“He's very, very good at what he does. He's going to be a very, very good football player,” Munchak said. “He's a guy that's going be able to come right in to the NFL and play immediately.”

During his time in Houston, Munchak teamed with another Hall of Fame offensive lineman, Bruce Matthews, who’s now the Titans’ offensive line coach. Matthews’ son Jake played right tackle opposite Joeckel last year, and the tandem reminded Munchak of what he and the elder Matthews used to be.

“You watch (Joeckel) on tape and you watch him on TV, and he's a special guy. I know he went against a lot of good defensive ends in college and you see he is up to the challenge, with Jake Matthews being the right tackle,” Munchak said. “I think those guys helped each other similar to how Bruce and I did all those years of watching each other and competing. I think they're very competitive and I think it's helped both of their developments. I think Luke is going to be a very special player.” 


1. Luke Joeckel, T, Texas A&M (6-foot-6, 306 pounds, 5.29 seconds in the 40-yard dash): Started 13 games at left tackle as a true freshman in 2010 and never surrendered the job, winning the Outland Trophy last year as a junior while protecting Heisman Trophy-winning quarterback Johnny Manziel. …  Not an off-the-charts athlete but has very good football IQ and is only going to get better as he matures.


2. Chance Warmack, G, Alabama (6-2, 317, 5.49):  started 13 games in 2010, 13 games in 2011 and 14 games last season, all at left guard. … Was a first-team All-American last year. … Powerful, strong blocker with strong competitive streak and explosive blocking ability. … Excellent in pass protection, extremely difficult to move.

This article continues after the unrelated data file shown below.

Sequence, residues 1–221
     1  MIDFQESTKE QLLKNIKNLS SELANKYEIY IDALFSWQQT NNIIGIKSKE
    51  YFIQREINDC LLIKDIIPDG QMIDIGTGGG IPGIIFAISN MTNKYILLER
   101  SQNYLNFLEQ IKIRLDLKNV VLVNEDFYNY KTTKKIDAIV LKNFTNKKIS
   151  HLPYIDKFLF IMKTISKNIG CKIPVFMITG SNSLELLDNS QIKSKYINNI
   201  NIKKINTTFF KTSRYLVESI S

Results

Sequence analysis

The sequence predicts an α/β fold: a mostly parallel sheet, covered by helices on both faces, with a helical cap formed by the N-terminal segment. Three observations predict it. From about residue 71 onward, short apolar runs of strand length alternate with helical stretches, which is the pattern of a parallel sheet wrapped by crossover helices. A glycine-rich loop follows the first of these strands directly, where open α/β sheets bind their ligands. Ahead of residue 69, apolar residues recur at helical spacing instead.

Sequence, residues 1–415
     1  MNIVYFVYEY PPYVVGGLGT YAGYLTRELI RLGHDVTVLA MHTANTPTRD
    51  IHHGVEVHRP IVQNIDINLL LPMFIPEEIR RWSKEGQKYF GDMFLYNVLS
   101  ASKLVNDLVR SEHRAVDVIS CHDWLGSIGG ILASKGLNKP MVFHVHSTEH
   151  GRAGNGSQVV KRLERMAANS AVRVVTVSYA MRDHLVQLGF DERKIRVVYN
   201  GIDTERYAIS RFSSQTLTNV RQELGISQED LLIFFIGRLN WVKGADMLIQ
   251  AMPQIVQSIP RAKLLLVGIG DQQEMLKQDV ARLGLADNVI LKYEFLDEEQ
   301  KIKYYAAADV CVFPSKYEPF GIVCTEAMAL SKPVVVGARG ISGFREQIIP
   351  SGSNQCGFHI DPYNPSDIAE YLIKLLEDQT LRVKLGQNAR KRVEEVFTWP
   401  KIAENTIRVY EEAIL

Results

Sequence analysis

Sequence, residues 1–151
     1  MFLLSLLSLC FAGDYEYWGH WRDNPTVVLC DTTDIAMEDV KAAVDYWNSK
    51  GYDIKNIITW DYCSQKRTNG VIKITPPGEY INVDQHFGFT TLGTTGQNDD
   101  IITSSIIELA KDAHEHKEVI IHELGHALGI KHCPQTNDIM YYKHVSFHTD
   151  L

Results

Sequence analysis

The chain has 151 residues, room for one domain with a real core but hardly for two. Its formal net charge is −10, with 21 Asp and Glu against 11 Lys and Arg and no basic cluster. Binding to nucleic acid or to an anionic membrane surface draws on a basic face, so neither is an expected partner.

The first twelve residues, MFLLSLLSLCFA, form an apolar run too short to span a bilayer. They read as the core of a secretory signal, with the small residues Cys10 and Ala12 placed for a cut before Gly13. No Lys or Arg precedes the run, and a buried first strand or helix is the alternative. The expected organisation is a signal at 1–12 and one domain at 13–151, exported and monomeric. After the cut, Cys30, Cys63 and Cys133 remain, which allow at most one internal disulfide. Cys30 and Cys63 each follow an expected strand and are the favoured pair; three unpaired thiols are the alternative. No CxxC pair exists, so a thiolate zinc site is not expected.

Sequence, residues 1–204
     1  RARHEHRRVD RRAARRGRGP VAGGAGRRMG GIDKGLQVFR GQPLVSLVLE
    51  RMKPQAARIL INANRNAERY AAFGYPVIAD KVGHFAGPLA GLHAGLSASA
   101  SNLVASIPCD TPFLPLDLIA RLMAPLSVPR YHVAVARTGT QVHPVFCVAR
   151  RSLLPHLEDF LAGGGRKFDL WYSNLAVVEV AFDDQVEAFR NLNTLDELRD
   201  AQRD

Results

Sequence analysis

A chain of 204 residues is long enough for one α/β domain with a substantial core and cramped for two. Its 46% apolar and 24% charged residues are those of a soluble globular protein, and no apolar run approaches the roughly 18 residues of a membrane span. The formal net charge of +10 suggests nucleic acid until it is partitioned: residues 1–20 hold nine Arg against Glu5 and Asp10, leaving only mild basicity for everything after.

3. Eric Fisher, T, Central Michigan (6-7 1/4, 306, 5.06): Started two games as a true freshman in 2009, then started nine games at right tackle, right guard and left tackle in 2010 before finding a home at left tackle in 2011 (10 starts) and 2012 (13 starts). … Moved up draft boards after top-notch performances at Senior Bowl and NFL Scouting Combine. … Athletic, confident player who needs to add some strength but should be an immediate starter and high first-round pick..

4. Jonathan Cooper, G, North Carolina (6-2 1/8, 311, 5.07):  Started nine games at left guard as a redshirt freshman in 2009, then started 13 games in 2010 (12 at left guard, one at center), 13 games in 2011 (all at left guard) and 12 in 2012 (all at left guard) en route to first-team all-America honors as a senior. … Excellent pulling guard who figures to start immediately.

5. D.J. Fluker, T, Alabama (6-4 5/8, 339, 5.31):  Started nine games at right tackle in 2010 as a redshirt freshman, then started all 13 games in 2011 and all 14 games last season as a junior. … Incredible size, great physical strength but looks like an NFL right tackle or guard, not a left tackle..


Travis Frederick, C, Wisconsin; Lane Johnson, T, Oklahoma; Barrett Jones, C, Alabama; Menelik Watson, T, Florida State; Kyle Long, G, Oregon; Justin Pugh, G, Syracuse; Larry Warford, G, Kentucky; Jeff Allen, G, Illinois; Mitchell Schwartz, T, California.